By the proximate and grisly death of two
Men they knew and even seemed to love
But they chatted on, old friends reunited
Even though Allison had seen Madame Tasha
Every day for months, when ambulances
Arrived and began to scatter the crowd
Madame Tasha took a hold of my arm
“Come along now, let’s go,” she said
I asked if we shouldn’t give a statement
To the police; “Don’t be silly,” she said
“They’d never believe us if we tried.”

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Silver – stanza 28.2

“Allison,” he said. She looked over. “Silver.”
She blinked and her composure began to fail
A long year of separation snapped to an end
Only hours after she’d realized he was gone
I stood a few feet away, lost in my love
For her as she recognized this man she clearly
Loved, more than she loved me, although
They were only just now meeting, we’d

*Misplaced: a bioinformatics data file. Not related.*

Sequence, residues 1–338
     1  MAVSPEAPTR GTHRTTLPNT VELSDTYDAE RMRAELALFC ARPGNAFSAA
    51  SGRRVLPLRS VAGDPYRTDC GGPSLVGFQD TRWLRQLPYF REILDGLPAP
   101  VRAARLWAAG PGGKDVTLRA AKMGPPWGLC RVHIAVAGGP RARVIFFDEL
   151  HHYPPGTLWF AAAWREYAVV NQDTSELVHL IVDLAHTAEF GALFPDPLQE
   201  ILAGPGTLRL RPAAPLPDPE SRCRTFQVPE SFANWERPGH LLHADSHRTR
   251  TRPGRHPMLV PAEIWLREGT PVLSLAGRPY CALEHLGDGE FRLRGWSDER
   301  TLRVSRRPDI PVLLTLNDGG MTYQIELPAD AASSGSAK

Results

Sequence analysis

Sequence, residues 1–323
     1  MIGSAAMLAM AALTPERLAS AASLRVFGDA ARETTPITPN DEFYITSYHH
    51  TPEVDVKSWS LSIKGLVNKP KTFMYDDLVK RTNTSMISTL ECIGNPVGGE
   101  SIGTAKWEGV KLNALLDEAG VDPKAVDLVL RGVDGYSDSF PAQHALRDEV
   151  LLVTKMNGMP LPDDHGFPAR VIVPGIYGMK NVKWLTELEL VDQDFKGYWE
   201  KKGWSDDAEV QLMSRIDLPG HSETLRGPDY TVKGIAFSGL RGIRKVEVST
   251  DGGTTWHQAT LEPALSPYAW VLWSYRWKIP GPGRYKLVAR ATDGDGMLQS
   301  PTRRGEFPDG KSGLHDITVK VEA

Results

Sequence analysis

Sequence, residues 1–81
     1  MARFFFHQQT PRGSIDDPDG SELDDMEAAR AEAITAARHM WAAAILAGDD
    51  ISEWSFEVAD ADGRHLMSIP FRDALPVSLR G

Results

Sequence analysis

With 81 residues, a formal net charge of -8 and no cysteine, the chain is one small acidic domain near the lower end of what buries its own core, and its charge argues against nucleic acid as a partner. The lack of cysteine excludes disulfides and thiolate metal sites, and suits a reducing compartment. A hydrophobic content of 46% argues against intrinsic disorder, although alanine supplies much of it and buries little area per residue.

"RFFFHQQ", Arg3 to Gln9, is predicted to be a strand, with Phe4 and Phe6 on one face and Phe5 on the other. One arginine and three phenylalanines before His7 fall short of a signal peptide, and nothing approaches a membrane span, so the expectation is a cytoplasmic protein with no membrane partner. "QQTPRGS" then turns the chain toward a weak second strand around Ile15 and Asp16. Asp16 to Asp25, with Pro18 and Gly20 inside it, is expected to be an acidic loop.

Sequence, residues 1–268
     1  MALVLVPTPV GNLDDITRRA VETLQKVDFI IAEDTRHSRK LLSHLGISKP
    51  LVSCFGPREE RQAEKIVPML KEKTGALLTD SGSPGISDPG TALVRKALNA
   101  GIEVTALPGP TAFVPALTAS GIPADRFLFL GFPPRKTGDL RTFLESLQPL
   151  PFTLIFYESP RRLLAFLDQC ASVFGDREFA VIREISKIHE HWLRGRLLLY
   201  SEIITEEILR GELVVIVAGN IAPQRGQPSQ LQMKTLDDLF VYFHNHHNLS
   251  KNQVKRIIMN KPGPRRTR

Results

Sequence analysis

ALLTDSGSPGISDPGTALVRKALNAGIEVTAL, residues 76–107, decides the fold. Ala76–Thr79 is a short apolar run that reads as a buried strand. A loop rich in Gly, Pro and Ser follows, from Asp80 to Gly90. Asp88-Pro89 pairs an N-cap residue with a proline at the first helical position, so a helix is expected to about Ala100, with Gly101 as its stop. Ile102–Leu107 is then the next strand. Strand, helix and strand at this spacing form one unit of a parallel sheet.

Known each other for centuries and more
I watched as I kissed Allison, every day
Of the long year melting in our lips touch
Courlain erupted, racing over screaming
Cursing and blaspheming as he thrust Malinov
Away from his protégé, taking a look
At the intruder and shouted, “You!”
“Randolph,” said Allison though we knew
Him by a different name, “Stop pretending”
“I will have you again,” he said racing
Away; Tasha appeared with a touch
“Malinov, go get him before he hurts himself
Silver, are you with us again, is that what
I’m to believe from Courlain’s histrionics?
I guess his scheme didn’t play out
According to his egotistic machinations